Welcome to the Migration Museum1
igration has always existed. It is an important part of European history. Even in ancient times there was migration, because tribes were displaced by other tribes, because tribes wanted to expand their territory or, because of famine caused by crop failures that forced the
inhabitants to look for a different, better place to settle.
The trek of the emigrants
Migration of the Goths
However, much more significant were the migrations of the Germanic Goths, Gepids3 and Vandals4 in the Second and Third Centuries AD, to southern Russia and the Carpathians and the advances of Marcomanni4, Alemanni and Franks on the Danube and Rhine, which led to the fall of the Roman Limes (Roman-Germanic frontier) around 260.
Trade on the Roman limes
From the time of the invasion of the Huns around 350, which triggered the Germanic migrations, there were no major population shifts.
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2 Barbarians = originally, among the Greeks, it included anyone who didn’t speak Greek. Since the Persian wars it was connected with the significance of uneducated, rude and cruel people.
The Romans used it to refer to all people living outside of the area commonly referred to as the sphere of Greek-Roman culture. Today, it is a slang term for a raw and uneducated people.
3 Gepids = Eastgermanic tribes, were mentioned for the first time in the middle of the third Century AD. They settled at that time in the Vistula Delta. It appears that along with the Goths, the Gepids settled around 250 in the Carpathian region of the lower Danube (Transylvania), where they remained until the beginning of the 5th Century as allies or as subjects of the Goths. At the end of the 4th Century the Gepids like the Ostrogoths, were dominated by the Huns. After Attila’s death (453) the Gepid King, Ardaric, freed Southeastern Europe from domination by the Huns.
4 Vandals = East Germanic people, whose original settlement area is unknown, the most significant tribes were the Hasdingi and Silings (Silesia is named after the latter) and who settled in the Oder-Warta region.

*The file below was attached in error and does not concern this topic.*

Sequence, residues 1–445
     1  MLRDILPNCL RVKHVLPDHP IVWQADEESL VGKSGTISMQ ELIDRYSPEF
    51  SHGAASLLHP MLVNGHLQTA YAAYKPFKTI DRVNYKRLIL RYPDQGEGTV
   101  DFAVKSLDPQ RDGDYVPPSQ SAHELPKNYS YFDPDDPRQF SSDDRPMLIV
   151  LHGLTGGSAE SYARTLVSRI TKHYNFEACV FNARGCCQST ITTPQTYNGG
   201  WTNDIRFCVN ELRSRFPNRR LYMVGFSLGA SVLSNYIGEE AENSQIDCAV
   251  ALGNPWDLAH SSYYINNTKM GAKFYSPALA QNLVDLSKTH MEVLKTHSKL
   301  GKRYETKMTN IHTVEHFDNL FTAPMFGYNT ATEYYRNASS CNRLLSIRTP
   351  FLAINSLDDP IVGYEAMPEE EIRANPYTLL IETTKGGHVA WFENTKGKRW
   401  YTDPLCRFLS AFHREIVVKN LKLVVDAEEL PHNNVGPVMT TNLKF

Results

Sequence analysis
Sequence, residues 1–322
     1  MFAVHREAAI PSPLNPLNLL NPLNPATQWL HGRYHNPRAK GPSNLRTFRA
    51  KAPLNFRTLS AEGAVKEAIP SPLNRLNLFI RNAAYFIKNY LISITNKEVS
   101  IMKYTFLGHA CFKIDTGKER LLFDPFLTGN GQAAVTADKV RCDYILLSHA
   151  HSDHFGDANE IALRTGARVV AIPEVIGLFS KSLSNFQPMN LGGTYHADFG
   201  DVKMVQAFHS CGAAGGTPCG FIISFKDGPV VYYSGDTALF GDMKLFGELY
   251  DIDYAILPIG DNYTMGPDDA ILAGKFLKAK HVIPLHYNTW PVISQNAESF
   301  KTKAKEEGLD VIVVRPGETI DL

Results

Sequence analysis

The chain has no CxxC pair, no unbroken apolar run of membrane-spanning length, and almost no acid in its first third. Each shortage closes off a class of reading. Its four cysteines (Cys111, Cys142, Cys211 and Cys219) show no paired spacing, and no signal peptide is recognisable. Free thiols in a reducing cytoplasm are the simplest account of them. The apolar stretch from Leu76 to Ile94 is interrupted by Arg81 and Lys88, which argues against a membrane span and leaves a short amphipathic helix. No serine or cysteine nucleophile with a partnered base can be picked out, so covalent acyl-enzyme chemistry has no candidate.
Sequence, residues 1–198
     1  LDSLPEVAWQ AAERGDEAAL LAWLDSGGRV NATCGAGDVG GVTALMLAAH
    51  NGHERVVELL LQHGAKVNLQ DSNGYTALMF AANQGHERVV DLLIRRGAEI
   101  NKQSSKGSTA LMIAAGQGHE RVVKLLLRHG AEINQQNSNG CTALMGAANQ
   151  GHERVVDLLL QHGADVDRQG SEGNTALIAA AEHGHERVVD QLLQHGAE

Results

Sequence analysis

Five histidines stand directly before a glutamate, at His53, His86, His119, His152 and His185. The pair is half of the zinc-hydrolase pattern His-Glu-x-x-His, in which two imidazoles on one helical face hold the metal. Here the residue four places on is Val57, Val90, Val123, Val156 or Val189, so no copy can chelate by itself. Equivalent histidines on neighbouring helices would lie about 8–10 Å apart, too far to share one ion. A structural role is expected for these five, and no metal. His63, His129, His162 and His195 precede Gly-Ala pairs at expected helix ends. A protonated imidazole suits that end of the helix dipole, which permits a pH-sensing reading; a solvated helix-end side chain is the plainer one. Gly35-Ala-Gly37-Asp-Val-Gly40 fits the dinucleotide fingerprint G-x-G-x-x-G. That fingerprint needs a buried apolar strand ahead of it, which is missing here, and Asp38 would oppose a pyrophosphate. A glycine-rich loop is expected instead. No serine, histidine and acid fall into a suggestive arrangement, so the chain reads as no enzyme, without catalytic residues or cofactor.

During the Marcomannic wars (166-180) hordes of Vandals, settled on the eastern slopes of the Carpathians and later into the fluvial basin of the Tisza. In 406-407 the Vandals crossed the Rhine River with Suevi and Alans (Caucasian nomads tribes) and in 409 they arrived in Spain, where in 411 they received land grants as Roman federates: the Hasdingi and Suevi in the area known as Galicia today, and the Silings in the area now known as Andalusia. There they were besieged by the Visigoths. About 80,000 Vandals and Alans were driven out of Gaiseric to North Africa in 429, where they founded their own kingdom on Roman soil. In 439 the Vandals took Carthage which they made their capital and in 455 the Vandals, appeared with a fleet from Rome, and plundered the city for 14 days. Their Kingdom was destroyed in 533-534 by the Byzantine Commander Flavius Belisarius.
5 Marcomanni (in German: Markomannen, the plural of Markomann; it is a composed substantive of Mark (antique word for border area) and Mann (man); the 'o' between the two words can be considered like a glue for a easier pronunciation; so the significant is: men who lives in the border area) were a large Germanic group of the Suevi tribe, probably expelled from the Elbe at the beginning of the 1st century BC. They then settled on the Main River, in the current Franconia and displaced the indigenous Celts.
During Caesar's time, they were in the north-eastern half of the Kingdom of Bavaria. They had been defeated by the Romans in 9 BC and together with the Quadi under King Maroboduus they moved to Bohemia, to the land of the Boii (Celtic tribe) which penetrated from Gaul around 400 BC to an area in Nothern Italy (capital Bononia, today Bologna) or in Bohemia (Boiohaemum named after him), situated in the north of the Danube, where Maroboduus, in alliance with other Germanic tribes established a great Germanic Empire, which was perceived by the Roman Emperor Augustus as a potential threat to Rome. In 19 AD, the Marcomanni, came under Roman influence and were a Roman client state for 30 years. The pressure of other Germanic tribes, social and economic changes, and the weakness of the defense of the Roman Empire led to the Marcomannic wars, which lasted, with interruptions from 166 to 180 AD.
In 433 the Marcomanni, living in Pannonia (today’s eastern Austria), came under the rule of the Huns. In the 6th century, they immigrated to Bavaria and their name is gradually lost. From then on, it appeared under the name of Bavaria, a name that they had already brought from their Bohemian homeland, where they were called 'Vaiwarier', i.e. residents of Baiheim in Bohemia.